"What's wrong with me?" is a question often asked by the main character, Charlie. Growing up near Pittsburgh, Charlie is a very conflicted 15 year old...more"What's wrong with me?" is a question often asked by the main character, Charlie. Growing up near Pittsburgh, Charlie is a very conflicted 15 year old on the verge of being an adult, but is so naive about the world, the story is more about the faults of being a wallflower than about the perks. I recently completed The Fault in Our Stars by John Green, so I thought this would make a decent companion book. However, whereas I thought Green's portrayal of teens was slightly unrealistic and the the worlds of Gus and Hazel were fantastical at times, I thought Charlie, Sam, and Patrick inhabited a world much similar to the world of actual teenagers.
The year is 1991 (coincidentally, I was 15 in 1991) and Charlie meets Sam and Partick, who are also social deviants in their own ways. These two introduce Charlie to the underground world of suburban adolescence, which includes sex and drugs, mostly.
Although Charlie's life did not mirror my childhood in many ways, I enjoyed his sense of passivity. He is a "wallflower", which means he spends his time observing people. He knows more about the people he watches than most and because he pays so much attention, he is able to know what everyone needs and wants. For instance, he always gives everyone the perfect holiday present.
The downside to being a wallflower is that is never DOES anything. He is more concerned about the well being and happiness of others; his own needs are thrown aside.
I read this book in two quick sessions, which is quick for me, and although I felt so bad for Charlie, it was interesting to get into his head and spend some time. I haven't enjoyed a teenage narrator so much since The Curious Case of the Dog in the Night-Time.
I enjoyed reading about a character who cared so much for others and viewed the world with a childlike (if not improbable) navity. If only more people were like Charlie, I thought. However, in no way did I want to walk in Charlie's shoes at any one moment in the book. His story is sad and his friends are so conflicted and doomed that it would be a miracle is Charlie survives adulthood.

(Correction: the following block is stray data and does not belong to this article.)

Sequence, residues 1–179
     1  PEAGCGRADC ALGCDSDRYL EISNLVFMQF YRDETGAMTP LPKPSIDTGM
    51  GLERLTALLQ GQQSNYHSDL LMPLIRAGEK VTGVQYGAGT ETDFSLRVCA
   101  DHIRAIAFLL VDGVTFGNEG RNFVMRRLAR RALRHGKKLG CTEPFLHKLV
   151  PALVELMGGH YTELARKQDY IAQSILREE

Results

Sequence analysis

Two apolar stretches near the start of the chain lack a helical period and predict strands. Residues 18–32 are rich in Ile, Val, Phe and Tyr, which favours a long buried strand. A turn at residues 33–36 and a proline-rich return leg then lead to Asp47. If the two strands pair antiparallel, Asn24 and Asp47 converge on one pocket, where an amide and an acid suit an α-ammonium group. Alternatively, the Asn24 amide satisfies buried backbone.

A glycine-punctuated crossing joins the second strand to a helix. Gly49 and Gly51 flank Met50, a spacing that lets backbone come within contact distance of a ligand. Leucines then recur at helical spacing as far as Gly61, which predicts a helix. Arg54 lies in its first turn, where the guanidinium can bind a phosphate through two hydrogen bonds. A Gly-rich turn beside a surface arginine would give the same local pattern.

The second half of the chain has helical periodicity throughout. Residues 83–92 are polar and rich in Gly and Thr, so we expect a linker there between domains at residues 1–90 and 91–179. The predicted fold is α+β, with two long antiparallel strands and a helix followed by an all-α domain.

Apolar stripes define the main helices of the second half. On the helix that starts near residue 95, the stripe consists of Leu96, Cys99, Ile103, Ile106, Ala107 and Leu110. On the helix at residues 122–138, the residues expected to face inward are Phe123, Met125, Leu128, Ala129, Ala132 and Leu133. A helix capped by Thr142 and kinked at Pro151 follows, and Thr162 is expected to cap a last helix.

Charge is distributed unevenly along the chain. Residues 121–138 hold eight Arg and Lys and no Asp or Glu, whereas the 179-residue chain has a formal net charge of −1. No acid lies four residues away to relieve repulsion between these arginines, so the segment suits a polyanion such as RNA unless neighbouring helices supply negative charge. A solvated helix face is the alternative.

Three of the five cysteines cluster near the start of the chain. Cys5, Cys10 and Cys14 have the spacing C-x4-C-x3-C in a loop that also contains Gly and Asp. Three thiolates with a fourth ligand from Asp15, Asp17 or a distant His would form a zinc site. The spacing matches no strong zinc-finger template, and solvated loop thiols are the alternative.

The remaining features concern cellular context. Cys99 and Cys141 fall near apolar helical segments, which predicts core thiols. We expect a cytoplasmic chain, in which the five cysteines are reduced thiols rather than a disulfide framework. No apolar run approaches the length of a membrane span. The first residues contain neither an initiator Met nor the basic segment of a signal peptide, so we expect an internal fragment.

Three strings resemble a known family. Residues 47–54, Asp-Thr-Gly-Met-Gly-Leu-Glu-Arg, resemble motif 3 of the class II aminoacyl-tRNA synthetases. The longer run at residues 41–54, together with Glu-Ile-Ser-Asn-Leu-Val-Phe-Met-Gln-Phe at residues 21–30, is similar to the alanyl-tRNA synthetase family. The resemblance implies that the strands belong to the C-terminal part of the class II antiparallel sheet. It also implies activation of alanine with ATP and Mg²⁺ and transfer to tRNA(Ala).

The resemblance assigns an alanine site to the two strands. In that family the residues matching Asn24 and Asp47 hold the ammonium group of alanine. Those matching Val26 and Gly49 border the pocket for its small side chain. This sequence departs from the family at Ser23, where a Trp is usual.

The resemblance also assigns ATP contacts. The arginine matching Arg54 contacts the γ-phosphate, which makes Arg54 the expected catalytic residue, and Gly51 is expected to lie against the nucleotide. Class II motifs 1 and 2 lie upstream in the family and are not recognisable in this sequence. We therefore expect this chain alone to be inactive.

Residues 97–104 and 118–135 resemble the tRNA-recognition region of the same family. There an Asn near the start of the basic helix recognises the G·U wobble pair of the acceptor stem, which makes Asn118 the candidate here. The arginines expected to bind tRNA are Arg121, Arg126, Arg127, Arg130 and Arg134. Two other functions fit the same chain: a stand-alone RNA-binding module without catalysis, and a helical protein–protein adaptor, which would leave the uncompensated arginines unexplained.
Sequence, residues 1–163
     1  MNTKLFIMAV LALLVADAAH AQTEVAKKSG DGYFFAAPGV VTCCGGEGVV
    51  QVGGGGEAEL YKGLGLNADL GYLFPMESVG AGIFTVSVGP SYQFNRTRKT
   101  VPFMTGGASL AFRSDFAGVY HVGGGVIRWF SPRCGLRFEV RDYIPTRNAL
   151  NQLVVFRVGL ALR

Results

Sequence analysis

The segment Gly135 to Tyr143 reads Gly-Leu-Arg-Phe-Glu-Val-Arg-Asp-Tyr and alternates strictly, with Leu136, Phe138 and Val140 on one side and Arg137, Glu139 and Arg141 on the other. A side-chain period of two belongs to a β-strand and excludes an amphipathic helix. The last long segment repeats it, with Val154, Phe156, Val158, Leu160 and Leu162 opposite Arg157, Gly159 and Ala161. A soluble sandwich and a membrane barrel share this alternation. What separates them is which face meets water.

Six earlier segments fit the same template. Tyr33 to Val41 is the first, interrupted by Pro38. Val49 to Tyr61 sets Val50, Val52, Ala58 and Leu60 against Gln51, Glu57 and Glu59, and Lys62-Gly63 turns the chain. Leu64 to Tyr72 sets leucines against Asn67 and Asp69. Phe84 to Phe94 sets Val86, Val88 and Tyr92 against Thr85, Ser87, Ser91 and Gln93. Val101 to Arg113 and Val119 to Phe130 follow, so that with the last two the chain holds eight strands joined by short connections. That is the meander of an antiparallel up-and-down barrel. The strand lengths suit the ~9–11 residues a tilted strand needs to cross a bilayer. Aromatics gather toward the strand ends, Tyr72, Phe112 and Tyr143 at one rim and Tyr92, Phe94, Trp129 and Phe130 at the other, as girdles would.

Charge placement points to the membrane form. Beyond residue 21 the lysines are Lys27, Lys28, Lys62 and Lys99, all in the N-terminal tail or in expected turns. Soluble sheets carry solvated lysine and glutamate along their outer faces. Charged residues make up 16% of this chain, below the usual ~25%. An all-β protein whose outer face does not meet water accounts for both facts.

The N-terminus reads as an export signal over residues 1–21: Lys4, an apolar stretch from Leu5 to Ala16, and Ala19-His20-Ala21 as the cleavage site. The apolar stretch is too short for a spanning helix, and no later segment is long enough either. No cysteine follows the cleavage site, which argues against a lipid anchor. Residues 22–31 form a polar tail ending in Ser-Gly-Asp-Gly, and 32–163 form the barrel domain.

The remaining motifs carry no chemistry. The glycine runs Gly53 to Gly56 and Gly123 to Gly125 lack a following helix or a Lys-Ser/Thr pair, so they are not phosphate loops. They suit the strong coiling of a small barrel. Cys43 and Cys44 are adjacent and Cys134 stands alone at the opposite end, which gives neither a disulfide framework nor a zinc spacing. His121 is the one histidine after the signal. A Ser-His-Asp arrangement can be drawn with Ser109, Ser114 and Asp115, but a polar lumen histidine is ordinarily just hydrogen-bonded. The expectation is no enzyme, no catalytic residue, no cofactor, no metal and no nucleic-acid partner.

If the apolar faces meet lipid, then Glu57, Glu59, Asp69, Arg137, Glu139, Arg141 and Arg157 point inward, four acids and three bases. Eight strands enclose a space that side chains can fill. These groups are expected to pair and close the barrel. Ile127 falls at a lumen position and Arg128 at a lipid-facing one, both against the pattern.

A very interesting character study and a worthwhile read for those looking for something different in their teen fiction.(less)
I really had to step back to see the book in its entirety to decide whether I liked it or not. I decided that I did - a little. The book is abou...moreMeh...
I really had to step back to see the book in its entirety to decide whether I liked it or not. I decided that I did - a little. The book is about two guys battling maturity disguised as a book about other universes. The humor is witty, but wears on you after a while. I bounced around between "that was clever" to "wow, was that stupid" too often to say that I fully recommend this book.
Was the author trying too hard? Maybe. I imagine David Wong (or the writer) writing in spurts and forgetting what he wrote about 30 pages ago. A lot of it doesn't quite fit together and MUCH OF IT is unexplained - and not in a good "leave it up to my imagination" way.
I found the book was best when the characters settled down and behaved like real people without all the trite banter. Unfortunately, I waited until the Epilogue to receive that.
The book is not very scary or frightening and like most new horror tries to SHOCK you with over the top gross-out scenes that contain a lot of poop and other bodily fluids flying about.
I did enjoy some of the monsters John and Dave encountered, but some of the way they solved their problems were just...well...stupid.
(Waiting for a dog to poop out a bomb on cue...)
But, two stars means the book is semi-worthy - definitely not for everyone - and for the patient. Parts drag and are repetitive. The characters wonder around - people disappear - reappear with no memory of where they were - rinse and repeat. Maybe, people with severe ADHD will like it?
I think the movie will be better than the book because it will find some sort of narrative center of some kind - probably the relationship aspect of the book between Amy and David with John dropped in for Comic Relief.
The friends bounce back and forth from parallel universes only to find the other universe they truly enjoy is the one inside their own heads. They live in their own universe - one where they can play basketball, watch movies, and wallow in their own depression - doomed to fight the demons of Sh*t Narnia for eternity.
ENJOY THE BOOK TIP: Imagine the book is an episode of It's Always Sunny in Philadelphia and strangely the book is more fun. (less)